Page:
The produce industry is submitting comments to the Food and Drug Administration about Food Safety Modernization Act rulemaking.

The FDA is accepting written comments until May 16.

In March, the United Fresh Produce Association, Washington, D.C., requested comments from its leader members who served on the group’s leadership and councils about the FSMA.

David Gombas, United Fresh’s senior vice president of food safety and technology, said the organization received comments from a wide spectrum of growers of row crops, bush crops and tree crops, and from packinghouses, retailers, foodservice buyers and scientists.

Though the association and its members plan to submit comments individually and as a group, Gombas said the industry needs to see all five rules in the FDA’s suite of interlocking regulations.

So far, the FDA has only released the produce and preventive controls rules. The others — the foreign supplier verification, animal preventive controls and third-party accreditation — remain at the Office of Management and Budget, Gombas said.

“Generally speaking, we think the FDA did (as good of a) job as it could on the first round,” Gombas said, speaking of the FSMA’s proposed rules.

“It’s very clear they spent a lot of time thinking through this and how to meet the statutory requirements in a way that would be enforceable on farms. They took a light hand approach on some things like animals and recordkeeping and a heavier hand with water and compost.”


Jim Gorny, senior adviser for produce safety at the FDA’s Center for Food Safety and Applied Nutrition, Washington, D.C., said many are submitting detailed questions involving their operations.

The comments assist the agency in developing the companion documents and help industry understand what is and isn’t in compliance, he said.

“The FDA hasn’t taken a one-size-fits-all approach to produce in the Food Safety Modernization Act,” Gorny said. “We’ve taken on all the key routes of contamination that are known. People are still digesting what the FDA has released and are trying to understand the proposed rule’s implications for their business.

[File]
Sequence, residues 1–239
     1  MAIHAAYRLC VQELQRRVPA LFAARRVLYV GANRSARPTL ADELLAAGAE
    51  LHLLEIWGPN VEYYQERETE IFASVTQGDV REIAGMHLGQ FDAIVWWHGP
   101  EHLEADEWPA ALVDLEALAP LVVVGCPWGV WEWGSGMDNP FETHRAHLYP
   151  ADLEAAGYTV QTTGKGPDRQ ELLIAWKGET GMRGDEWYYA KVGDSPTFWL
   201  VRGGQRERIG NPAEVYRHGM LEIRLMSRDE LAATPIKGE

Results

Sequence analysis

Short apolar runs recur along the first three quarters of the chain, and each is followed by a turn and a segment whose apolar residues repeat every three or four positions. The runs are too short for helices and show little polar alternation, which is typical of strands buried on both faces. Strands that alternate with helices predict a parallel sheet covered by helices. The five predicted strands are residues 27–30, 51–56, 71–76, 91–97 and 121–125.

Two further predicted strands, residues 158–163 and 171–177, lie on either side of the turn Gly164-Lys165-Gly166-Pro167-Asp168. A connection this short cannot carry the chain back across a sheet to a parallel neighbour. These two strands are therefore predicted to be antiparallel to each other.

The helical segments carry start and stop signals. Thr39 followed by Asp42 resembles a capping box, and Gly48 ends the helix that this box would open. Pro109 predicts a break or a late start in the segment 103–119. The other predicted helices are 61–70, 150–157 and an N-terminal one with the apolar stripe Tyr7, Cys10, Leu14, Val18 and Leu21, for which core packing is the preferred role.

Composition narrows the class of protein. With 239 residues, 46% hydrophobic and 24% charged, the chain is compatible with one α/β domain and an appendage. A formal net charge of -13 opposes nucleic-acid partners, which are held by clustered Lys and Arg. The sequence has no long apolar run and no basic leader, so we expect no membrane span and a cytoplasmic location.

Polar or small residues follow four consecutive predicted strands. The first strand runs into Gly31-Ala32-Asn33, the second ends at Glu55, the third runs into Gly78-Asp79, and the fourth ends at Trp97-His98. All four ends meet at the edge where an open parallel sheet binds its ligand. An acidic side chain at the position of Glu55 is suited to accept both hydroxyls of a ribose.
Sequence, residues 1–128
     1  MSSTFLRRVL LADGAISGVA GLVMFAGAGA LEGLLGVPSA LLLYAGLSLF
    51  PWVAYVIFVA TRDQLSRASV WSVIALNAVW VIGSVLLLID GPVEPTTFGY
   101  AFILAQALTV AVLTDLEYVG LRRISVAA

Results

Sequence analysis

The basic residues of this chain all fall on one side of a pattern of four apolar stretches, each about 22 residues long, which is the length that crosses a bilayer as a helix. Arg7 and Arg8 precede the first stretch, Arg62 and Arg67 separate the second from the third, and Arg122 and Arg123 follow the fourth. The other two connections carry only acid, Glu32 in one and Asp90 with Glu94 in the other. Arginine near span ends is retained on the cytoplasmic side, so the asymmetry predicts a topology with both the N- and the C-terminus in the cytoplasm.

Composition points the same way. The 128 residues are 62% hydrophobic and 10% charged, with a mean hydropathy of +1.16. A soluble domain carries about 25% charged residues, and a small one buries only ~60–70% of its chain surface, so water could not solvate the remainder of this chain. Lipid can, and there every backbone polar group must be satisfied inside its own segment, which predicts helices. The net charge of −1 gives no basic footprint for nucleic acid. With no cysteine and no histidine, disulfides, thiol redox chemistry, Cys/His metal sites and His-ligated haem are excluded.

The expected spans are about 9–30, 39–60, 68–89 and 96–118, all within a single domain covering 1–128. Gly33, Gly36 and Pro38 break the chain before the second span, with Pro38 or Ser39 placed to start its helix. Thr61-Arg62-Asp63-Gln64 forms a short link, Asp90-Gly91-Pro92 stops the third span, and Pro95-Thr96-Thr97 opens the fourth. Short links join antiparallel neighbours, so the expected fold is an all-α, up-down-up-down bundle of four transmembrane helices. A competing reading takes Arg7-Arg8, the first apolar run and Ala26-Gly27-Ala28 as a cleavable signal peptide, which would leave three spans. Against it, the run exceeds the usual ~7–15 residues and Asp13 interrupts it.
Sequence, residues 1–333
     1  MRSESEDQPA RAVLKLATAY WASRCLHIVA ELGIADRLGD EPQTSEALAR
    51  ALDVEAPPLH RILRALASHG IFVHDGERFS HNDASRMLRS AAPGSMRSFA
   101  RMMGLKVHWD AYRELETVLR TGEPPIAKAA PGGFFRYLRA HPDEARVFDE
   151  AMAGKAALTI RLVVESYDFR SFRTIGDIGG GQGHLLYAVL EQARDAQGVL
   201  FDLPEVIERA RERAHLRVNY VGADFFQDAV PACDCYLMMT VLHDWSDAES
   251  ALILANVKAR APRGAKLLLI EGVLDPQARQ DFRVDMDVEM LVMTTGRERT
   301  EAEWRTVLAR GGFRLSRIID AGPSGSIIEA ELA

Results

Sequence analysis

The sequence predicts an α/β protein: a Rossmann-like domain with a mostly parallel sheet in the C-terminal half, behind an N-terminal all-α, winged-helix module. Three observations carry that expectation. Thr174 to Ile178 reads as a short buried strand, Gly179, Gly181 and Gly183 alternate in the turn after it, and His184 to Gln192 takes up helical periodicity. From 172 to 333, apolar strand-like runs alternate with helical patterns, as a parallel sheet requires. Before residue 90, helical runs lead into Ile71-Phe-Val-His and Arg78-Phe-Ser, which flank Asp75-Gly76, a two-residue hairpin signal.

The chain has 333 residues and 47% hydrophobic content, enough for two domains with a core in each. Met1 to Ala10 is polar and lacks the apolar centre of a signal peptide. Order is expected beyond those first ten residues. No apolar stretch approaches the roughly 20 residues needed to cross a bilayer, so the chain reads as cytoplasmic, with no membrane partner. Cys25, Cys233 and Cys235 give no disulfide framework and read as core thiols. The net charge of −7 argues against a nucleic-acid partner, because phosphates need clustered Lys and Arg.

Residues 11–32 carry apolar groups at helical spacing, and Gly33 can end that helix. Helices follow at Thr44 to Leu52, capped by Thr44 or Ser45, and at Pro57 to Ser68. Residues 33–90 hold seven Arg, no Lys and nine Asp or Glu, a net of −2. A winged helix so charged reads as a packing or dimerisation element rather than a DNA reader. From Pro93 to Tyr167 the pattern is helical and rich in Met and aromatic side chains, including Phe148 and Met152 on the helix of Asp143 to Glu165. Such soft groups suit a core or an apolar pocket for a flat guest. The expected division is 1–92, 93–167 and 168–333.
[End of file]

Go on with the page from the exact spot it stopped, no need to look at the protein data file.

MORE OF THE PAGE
“No one’s saying we’ve missed the mark. We’re getting detailed questions to the nitty-gritty. That doesn’t mean we haven’t considered it and we’ve asked a lot of questions. We acknowledge that we don’t have all the answers inside the Beltway. We want to make sure the rules are workable, practical and (push) the ball forward on food safety.”

Areas of concern to the produce industry include definitions of farms and facilities, Gombas said.

Loophole for small growers?

The proposed rules require a Web seminar to explain the large and complicated zone between a farm and a facility, Gombas said. He said United Fresh wants the FDA to simplify who is required to follow the produce safety rules and the preventive controls rules.

Because scientists haven’t developed accurate E. coli testing procedures, Gombas said the FDA needs to place scientific details into accompanying guidance documents instead of in the rules.

Saying pathogens don’t know what size of farms they’re attacking, Gombas said United Fresh still contends it’s inappropriate to exempt operations simply because of size.

As only 15 or 20 of the more than 300 produce commodities have ever suffered an outbreak, United Fresh notes the proposed rules fail to address fruits and vegetables that haven’t been involved in recalls.

Because scientists don’t know why they haven’t been involved in illnesses isn’t a reason to assume they could be, as FDA now assumes, Gombas said.

Walter Ram, vice president of food safety for The Giumarra Cos., Los Angeles, said fresh produce has largely been exempt from regulation until FSMA but the act’s produce safety rule will represent much of that regulation.

“I think the FSMA overall will be good for the industry as long as the regulations reflect real-world situations,” Ram said.

“Our industry has already had some influence on pending regulations with the current commodity-specific food safety guidelines, including those for tomatoes, cantaloupes and leafy greens.

“The FDA got a lot right with the produce safety rule but there are still a lot of details that we are working on with them. They are being very open in talking to the industry and they are certainly listening.”

Gorny commends the industry for its safety research programs and cites industry collaboration in funding the University of California-Davis’s Center for Produce Safety’s research.

He said groups as diverse as leafy greens growers, the National Mango Board, the California Melon Research Board and the California and Washington departments of agriculture are involved.

Gorny lauded organizations including the California Citrus Quality Council, the National Watermelon Association and the California Strawberry Commission for developing national guidance documents.

He said the FDA’s Food Safety Preventive Controls Alliance and Sprout Safety Alliance should help grower-shippers and processors better prepare for safety practices.